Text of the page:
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How do I price my services as a Personal Chef?


I find some personal chefs not starting their business because they're not sure how to go about charging. Is that you too? 


It's the most common questions I'm asked, "how much should I charge for my meal prep services?" "How much should I charge for a dinner party?"


More in-depth calculations of pricing your services are available in the course Pricing for Personal Chefs, click here >>


You'll learn the psychology of pricing your services, exactly how to calculate your worth, then perform several practice calculations so you'll be ready when the next request for a dinner party or meal prep comes in.


How do I price my services as a Personal Chef?

Before addressing this question, let's clarify personal chef services versus catering services. As a personal chef, you’d bring all the groceries to a client’s house and cook everything there. In catering or meal delivery service, you would be working out of an approved commercial kitchen, then deliver to the client’s home.


The health department's job is protecting public health. They can't allow just anyone to cook and serve out of their kitchen. They need to see the kitchen before giving such approval.


In order to use a commercial kitchen or offer meal delivery service from any kitchen, it must first be approved by the health department. You can’t just decide, “I’m just going to cook out of my house and deliver to clients.”


Having your home kitchen approved by the health department involves having no pet access into the kitchen, washable walls, a special sink designated for only hand washing, a three-compartment sink for washing dishes, among other regulations.


As well, transporting food from your kitchen to a client's home involves a refrigerated truck or (very heavy and bulky when loaded) special food transporting equipment to maintain safe food temperatures.


One of the perks of working in client homes is that you don’t have to go through this process of paying rent, utilities, stocking a commercial kitchen or getting approved by the health department.



What services are you going to offer as a Personal Chef?


As a personal chef, you may offer cook sessions, private dinners or cooking lessons. Before deciding which services to offer, decide first which days you’re going to work. Cook sessions tend to be Monday through Friday with emphasis on Monday through Wednesday, while cooking lessons and private dinners tend to be Saturday nights.


There are of course exceptions to offering these services on other days of the week if you are able to create a special business model. Perhaps you specialize in Wednesday evening cooking classes, weekday group lunches, or meal prep on Fridays.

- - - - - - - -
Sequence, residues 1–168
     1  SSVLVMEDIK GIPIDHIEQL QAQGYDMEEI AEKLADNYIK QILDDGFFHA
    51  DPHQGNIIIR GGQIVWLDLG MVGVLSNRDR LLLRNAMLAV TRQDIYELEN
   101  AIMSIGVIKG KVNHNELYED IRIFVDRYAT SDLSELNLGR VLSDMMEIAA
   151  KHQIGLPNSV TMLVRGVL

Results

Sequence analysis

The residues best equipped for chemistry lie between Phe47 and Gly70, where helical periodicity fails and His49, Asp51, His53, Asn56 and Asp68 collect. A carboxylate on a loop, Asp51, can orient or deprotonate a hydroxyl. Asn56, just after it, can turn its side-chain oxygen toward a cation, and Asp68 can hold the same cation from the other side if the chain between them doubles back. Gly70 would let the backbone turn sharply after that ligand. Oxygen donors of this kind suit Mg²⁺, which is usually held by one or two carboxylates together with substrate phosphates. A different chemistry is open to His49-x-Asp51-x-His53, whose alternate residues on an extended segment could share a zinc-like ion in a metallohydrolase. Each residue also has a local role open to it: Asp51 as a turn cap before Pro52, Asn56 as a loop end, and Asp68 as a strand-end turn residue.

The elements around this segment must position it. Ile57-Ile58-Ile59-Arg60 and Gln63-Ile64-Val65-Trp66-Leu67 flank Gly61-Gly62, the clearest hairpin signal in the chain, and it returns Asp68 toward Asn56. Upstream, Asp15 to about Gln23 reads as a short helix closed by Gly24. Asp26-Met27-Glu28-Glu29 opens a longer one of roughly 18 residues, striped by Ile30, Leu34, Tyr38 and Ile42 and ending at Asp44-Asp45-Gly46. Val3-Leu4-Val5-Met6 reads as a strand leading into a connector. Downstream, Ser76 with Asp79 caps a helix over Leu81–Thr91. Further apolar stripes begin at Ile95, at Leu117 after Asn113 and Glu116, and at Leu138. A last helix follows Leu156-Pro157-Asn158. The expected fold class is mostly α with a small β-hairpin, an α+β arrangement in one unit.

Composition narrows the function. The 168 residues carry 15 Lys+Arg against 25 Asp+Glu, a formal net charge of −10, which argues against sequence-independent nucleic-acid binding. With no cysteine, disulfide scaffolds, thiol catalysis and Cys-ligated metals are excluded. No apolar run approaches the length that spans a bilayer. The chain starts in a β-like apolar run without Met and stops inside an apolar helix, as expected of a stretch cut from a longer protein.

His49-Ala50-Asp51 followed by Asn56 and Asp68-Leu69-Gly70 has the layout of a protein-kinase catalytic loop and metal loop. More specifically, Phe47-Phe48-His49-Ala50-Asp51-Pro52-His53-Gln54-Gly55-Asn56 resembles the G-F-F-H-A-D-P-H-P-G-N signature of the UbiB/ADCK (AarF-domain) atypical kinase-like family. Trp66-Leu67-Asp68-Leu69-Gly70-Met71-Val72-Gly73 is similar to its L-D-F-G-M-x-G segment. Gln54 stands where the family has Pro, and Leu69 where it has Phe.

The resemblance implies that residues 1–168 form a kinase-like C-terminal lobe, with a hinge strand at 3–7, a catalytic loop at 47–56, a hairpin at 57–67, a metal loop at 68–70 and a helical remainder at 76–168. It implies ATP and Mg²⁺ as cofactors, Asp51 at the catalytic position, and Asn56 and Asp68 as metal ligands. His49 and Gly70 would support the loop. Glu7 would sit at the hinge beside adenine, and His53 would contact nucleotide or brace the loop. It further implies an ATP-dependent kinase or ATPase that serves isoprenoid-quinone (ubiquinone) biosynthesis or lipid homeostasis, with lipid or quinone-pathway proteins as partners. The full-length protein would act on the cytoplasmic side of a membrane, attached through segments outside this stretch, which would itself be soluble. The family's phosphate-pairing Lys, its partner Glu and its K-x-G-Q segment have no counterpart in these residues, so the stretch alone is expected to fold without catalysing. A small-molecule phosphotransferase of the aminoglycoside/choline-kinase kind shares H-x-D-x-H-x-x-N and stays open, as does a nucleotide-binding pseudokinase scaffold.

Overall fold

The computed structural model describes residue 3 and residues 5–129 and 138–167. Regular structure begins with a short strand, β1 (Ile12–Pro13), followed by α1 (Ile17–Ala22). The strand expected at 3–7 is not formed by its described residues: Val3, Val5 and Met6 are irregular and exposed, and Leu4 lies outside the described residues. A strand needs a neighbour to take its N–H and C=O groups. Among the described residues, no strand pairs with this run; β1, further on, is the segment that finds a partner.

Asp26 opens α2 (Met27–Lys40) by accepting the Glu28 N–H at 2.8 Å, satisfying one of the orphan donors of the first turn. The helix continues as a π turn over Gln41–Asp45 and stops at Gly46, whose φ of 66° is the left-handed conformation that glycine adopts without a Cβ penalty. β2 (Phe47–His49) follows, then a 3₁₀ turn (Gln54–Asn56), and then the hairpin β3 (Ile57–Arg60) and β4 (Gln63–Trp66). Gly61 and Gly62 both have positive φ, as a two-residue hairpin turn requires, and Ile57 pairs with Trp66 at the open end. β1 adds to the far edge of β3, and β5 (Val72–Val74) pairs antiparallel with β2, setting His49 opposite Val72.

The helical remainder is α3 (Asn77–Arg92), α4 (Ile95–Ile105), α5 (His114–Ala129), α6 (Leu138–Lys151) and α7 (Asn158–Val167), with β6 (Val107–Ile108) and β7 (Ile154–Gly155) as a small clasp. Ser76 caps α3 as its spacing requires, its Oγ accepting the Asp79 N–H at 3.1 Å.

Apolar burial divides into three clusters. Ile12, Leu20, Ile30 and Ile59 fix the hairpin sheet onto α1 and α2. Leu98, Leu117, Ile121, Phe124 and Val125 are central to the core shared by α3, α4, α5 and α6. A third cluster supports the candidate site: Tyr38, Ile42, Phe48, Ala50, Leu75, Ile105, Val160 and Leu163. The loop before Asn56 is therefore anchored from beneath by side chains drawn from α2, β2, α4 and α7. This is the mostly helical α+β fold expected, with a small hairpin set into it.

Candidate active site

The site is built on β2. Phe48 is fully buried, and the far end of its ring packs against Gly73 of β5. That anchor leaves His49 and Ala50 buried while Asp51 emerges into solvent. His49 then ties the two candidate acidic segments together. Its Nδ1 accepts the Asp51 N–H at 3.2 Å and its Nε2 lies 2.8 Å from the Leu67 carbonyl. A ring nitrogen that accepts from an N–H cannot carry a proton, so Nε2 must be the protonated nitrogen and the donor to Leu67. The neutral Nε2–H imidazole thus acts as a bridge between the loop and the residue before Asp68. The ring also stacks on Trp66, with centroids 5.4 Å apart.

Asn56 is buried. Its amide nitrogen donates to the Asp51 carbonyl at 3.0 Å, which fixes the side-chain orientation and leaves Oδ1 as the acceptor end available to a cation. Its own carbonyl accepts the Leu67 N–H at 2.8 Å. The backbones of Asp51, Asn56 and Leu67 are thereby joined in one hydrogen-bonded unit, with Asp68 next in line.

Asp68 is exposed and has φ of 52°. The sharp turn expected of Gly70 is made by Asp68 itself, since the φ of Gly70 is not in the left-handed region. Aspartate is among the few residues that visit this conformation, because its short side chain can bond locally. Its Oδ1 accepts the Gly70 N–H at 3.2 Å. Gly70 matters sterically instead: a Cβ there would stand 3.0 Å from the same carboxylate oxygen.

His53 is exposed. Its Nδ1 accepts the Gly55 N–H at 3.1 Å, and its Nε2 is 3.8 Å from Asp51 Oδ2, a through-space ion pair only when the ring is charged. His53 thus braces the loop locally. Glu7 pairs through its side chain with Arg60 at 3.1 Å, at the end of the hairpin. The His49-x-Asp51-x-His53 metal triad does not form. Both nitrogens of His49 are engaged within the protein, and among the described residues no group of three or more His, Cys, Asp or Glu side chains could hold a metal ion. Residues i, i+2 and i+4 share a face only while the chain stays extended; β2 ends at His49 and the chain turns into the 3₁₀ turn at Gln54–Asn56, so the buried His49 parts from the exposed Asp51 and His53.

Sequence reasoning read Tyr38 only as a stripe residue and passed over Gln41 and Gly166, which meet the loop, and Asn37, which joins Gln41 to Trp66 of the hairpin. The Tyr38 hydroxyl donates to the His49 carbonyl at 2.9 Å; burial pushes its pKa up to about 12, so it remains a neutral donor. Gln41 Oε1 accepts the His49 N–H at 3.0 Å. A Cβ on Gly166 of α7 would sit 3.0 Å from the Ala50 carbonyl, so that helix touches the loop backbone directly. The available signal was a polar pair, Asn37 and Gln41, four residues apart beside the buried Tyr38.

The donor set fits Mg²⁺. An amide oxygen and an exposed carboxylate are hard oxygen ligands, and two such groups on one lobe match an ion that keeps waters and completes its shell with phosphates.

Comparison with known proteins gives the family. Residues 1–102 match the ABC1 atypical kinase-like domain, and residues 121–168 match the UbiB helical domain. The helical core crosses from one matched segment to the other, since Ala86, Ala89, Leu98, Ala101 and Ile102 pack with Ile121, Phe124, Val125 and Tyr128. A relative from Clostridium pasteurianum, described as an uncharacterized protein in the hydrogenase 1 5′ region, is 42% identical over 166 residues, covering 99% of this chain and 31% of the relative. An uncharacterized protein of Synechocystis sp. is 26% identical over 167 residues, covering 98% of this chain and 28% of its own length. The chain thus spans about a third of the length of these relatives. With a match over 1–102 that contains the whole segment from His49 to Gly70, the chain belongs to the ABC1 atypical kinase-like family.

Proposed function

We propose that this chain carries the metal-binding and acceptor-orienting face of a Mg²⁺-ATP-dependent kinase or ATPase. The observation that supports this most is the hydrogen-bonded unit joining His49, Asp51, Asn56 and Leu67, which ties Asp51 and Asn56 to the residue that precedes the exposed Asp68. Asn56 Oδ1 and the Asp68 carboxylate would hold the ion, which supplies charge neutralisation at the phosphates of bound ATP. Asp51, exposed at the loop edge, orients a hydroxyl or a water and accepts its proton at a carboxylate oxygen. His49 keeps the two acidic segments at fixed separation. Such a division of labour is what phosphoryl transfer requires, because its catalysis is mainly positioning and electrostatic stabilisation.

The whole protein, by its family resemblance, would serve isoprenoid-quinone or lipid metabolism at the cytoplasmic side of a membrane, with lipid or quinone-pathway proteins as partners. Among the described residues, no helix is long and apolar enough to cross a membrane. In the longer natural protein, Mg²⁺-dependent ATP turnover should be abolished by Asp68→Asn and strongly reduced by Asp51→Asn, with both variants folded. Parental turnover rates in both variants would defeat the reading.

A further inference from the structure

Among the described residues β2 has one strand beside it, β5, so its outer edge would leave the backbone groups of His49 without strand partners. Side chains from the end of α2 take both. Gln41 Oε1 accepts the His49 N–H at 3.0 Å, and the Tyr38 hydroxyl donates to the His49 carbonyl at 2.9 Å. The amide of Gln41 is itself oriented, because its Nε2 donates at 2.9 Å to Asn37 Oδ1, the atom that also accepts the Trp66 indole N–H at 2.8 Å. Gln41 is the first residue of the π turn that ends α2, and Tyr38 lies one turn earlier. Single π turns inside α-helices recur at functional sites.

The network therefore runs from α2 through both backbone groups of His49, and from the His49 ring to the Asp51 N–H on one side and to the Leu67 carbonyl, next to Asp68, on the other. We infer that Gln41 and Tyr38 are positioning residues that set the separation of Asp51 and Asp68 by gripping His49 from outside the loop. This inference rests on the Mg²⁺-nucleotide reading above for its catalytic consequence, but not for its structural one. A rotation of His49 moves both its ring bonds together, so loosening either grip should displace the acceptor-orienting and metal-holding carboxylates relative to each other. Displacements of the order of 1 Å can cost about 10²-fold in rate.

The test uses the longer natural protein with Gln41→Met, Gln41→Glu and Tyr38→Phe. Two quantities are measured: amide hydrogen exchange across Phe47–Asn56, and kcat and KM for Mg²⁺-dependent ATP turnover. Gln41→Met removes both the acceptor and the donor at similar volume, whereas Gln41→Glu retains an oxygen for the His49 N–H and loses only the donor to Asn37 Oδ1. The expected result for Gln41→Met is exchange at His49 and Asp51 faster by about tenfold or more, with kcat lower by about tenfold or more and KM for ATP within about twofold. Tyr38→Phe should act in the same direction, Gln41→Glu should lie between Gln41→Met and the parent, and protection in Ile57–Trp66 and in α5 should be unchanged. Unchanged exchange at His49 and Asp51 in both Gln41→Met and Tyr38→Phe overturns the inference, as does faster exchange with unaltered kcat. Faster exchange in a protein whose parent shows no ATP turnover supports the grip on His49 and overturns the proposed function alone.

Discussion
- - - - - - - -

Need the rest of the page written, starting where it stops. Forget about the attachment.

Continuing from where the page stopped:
As an entrepreneur, you can create a business model to fit your schedule, assuming your target market is willing to be flexible to your schedule.


Will you be pricing your meal prep services by the meal or by the package?

For your business model, you may choose to charge by the meal instead of by the meal package. With a meal package price, you are setting a minimum fee for the client. If charging by the meal, you should also set a minimum fee. Going to the grocery store, traveling to a client's home, cooking, cleaning up, then traveling away from the client's home takes time. If a client orders just one meal, is that something you're going to do...or will you have a minimum order?

Need help pricing? Check out Pricing for Personal Chefs course here >>


How are groceries handled? Are they added into the cost of meal prep? How does the client pay for groceries?

My current business policy is that I pay at the grocery store with a business credit card, then bill the client for service fee plus cost of groceries. I do provide the client with an original grocery receipt and accept check or electronic transfer.

I have always had excellent communication and relationships with my clients, so personally never had issue with grocery reimbursement or payment of services. My policy is payment at the time of service and am usually paid within 24 hours. I state this policy on my website, at the consultation, and in my first email menu to the client.


To avoid issues with payment, I highly recommend establishing a payment policy as part of your business model. Learn how to draft a Chef-Client contract for your business model here.



Have you considered charging by the hour?

Never ever charge by the hour! When I first began as a personal chef with no direction or mentor, I made the mistake of charging by the hour. At that time, it probably took about five hours to complete a cook session. Now, I can whip through a cook session in about 2.5 hours. Imagine if I still charged by the hour. My income would be declining!

Picture hiring someone to help you with yard work and agreeing to pay them by the hour. The moment they sit down for a break, you'd be thinking that time and money are going by! The same would happen with clients watching you like a hawk if you were charging by the hour and not being as efficient as they would like you to be.



There is a difference between an employee mindset and an entrepreneurial mindset. If you're continuing to believe that charging by the hour is the way to go, you may be stuck in employee mindset.



More in-depth calculations of pricing your service is available in the course Pricing for Personal Chefs. You'll learn the psychology of pricing your services, exactly how to calculate your worth, then perform several practice calculations so you'll be ready when the next request for a dinner party or meal prep comes in.



Best Wishes & Much Success to You, Virginia Stockwell

Check out the course "Pricing for Personal Chefs". Gain immediate access now >>


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